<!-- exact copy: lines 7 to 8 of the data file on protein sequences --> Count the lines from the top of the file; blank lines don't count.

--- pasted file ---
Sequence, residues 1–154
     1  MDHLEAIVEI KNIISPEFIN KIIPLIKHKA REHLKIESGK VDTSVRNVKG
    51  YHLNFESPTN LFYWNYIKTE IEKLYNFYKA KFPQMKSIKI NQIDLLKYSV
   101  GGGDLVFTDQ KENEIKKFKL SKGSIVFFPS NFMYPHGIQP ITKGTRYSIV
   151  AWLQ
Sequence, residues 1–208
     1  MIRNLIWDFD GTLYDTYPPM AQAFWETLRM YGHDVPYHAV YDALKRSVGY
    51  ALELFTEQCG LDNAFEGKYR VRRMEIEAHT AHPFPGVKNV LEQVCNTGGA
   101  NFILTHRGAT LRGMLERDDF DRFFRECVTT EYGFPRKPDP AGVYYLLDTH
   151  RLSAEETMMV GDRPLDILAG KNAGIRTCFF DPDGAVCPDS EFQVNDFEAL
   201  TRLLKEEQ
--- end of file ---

     1  MIRNLIWDFD GTLYDTYPPM AQAFWETLRM YGHDVPYHAV YDALKRSVGY
    51  ALELFTEQCG LDNAFEGKYR VRRMEIEAHT AHPFPGVKNV LEQVCNTGGA